Climate crisis drives bumblebees closer to extinction

February 10, 2020 by  
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The climate crisis, rampant misuse of pesticides , lack of plant diversity, habitat loss, parasites and pathogens have collectively created the perfect storm for a decline in the bumblebee populations in both Europe and North America, according to the research team of Peter Soroye, Tim Newbold and Jeremy Kerr, who have recently published their findings in Science . The research shows that “Within just one human generation, the odds for bumblebee survival have dropped by an average of more than 30%.” The imminent mass extinction of bumblebees could mean a dreary future devoid of wild plants and many farmed crops, given that bumblebees are among the most crucial pollinators out there. Global warming has led to both temperature extremes and unpredictable precipitation. The combination of these atmospheric conditions has exacerbated local bumblebee extinction rates by reducing colonization, shrinking site occupancy and diminishing a habitat’s fertility to support the bumblebee population. Bumblebees tend to overheat, which is why they prefer more temperature regions. Related: Native bees are going extinct without much buzz But weather isn’t the only culprit. The dynamic use of land has contributed to habitat loss, and pesticide use has likewise resulted in a significant decline in these pollinators. Bumblebees are larger and fuzzier than honeybees. While they are not honey producers, they are still key pollinators. Many important fruits, nuts, vegetables and staple crops rely on bumblebees thriving. “When they land on flowers, they physically shake these flowers and shake the pollen off,” explained Peter Soroye, the study’s lead author. “A lot of crops like squash, berries, tomatoes need bumblebees to pollinate them, and honeybees or other pollinators just can’t do that.” In Europe, bumblebee populations decreased by an average of 17% between 1975 and 2000. For North American bumblebees, numbers plummeted by about 46% over the same period. These numbers indicate that the loss of bumblebees could adversely affect food diversity in the future.  “If things continue along the path without any change, then we can really quickly start to see a lot of these species being lost forever,” Soroye said. To mitigate against extinction, he recommended, “If you have a garden , fill it full of native plants that the bees can go visit.” + Science Via National Geographic and Reuters Image via Valerian Guillot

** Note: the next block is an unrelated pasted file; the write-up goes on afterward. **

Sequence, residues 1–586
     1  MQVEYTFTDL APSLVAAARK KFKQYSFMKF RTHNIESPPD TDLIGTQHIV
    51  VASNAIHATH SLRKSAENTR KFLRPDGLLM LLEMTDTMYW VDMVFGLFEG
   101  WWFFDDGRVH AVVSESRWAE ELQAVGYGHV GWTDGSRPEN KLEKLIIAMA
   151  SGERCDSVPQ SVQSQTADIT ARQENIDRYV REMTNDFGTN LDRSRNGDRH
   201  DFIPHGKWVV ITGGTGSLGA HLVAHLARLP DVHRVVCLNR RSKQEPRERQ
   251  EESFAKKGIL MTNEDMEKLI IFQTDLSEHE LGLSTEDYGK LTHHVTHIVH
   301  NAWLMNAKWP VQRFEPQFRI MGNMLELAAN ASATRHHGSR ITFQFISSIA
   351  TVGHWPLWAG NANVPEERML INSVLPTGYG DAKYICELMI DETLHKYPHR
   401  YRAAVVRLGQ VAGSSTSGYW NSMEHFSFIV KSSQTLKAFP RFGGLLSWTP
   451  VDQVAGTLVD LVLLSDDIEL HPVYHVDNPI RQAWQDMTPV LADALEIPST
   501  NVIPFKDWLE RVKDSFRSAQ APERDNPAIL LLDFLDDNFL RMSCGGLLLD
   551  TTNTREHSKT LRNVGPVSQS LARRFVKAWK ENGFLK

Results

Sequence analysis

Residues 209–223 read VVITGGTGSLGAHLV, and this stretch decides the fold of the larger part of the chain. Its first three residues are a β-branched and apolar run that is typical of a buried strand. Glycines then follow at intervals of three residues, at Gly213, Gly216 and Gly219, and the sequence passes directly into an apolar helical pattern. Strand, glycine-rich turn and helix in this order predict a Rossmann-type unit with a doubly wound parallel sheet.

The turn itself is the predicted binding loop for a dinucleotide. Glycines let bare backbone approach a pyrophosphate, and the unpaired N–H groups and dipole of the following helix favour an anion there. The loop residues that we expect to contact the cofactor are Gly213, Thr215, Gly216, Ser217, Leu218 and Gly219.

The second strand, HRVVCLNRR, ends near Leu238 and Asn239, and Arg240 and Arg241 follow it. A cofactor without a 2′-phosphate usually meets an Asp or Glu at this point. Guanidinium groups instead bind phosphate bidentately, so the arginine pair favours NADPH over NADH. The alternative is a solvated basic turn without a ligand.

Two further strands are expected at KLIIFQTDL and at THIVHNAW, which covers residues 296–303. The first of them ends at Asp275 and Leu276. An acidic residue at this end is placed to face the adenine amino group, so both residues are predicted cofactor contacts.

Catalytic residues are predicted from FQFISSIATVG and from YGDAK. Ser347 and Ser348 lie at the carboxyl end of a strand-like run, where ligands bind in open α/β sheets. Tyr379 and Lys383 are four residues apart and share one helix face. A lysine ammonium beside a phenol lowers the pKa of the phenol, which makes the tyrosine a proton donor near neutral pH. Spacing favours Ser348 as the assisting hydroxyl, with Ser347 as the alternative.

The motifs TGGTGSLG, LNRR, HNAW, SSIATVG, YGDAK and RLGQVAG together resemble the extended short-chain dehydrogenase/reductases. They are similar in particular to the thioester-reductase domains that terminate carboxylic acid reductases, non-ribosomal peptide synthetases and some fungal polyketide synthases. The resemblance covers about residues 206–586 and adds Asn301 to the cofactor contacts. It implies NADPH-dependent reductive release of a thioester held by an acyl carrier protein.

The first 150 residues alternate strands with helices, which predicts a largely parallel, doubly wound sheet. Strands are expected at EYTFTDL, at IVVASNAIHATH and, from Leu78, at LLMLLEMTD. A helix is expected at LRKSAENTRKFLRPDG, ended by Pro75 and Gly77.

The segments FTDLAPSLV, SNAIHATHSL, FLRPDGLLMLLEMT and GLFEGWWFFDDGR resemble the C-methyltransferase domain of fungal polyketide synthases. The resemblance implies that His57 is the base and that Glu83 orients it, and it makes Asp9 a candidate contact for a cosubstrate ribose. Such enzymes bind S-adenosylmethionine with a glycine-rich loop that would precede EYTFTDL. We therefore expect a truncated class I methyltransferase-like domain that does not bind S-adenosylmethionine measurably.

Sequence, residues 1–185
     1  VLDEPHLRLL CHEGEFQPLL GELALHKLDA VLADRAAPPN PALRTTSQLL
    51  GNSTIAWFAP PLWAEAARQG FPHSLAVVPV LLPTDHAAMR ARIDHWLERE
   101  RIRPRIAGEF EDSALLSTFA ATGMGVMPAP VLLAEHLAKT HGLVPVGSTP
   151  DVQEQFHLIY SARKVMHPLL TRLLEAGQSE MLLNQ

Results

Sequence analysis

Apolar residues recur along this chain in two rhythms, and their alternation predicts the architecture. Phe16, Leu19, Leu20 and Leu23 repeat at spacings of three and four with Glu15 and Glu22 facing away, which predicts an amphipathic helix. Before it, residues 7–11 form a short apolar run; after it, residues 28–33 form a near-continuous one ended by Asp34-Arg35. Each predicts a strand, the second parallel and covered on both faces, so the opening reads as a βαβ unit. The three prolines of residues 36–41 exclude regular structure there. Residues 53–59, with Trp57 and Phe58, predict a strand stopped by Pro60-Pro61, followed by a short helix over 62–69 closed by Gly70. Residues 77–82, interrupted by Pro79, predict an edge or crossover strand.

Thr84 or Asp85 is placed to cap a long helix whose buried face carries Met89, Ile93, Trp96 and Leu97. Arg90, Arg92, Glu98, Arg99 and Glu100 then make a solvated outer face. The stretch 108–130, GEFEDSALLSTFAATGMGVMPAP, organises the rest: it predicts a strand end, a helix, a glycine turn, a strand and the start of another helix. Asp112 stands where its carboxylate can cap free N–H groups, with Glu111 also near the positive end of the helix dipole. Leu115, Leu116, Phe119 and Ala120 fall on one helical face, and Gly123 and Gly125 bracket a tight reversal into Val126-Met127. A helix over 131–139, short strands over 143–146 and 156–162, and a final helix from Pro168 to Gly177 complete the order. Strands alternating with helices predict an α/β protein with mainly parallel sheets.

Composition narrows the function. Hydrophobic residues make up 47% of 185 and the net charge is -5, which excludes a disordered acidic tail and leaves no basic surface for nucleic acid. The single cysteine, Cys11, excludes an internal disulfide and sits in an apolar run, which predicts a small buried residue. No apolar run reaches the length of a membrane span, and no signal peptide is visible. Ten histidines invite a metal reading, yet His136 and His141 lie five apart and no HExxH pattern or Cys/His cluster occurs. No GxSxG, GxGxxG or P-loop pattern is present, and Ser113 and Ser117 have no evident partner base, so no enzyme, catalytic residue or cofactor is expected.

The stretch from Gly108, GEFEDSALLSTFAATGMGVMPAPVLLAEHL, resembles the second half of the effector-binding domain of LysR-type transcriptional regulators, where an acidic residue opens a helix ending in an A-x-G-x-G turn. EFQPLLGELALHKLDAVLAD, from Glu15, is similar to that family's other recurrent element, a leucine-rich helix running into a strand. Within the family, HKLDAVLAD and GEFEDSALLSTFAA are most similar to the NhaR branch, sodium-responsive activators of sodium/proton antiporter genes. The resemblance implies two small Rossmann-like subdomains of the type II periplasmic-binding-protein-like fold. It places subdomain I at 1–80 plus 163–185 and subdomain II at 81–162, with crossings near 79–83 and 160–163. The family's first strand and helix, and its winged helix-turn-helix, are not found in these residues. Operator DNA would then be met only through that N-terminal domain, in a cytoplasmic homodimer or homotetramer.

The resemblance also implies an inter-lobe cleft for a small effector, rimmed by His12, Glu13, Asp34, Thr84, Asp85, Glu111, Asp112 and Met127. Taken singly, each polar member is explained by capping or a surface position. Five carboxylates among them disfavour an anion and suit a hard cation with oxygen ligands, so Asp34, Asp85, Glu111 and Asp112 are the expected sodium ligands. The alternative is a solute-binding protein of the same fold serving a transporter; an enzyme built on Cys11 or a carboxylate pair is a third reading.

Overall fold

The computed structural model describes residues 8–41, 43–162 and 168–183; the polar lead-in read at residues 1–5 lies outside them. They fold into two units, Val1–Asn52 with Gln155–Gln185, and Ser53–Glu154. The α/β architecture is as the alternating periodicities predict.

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How to properly and safely dispose of these 10 items in your home

February 10, 2020 by  
Filed under Eco, Green, Recycle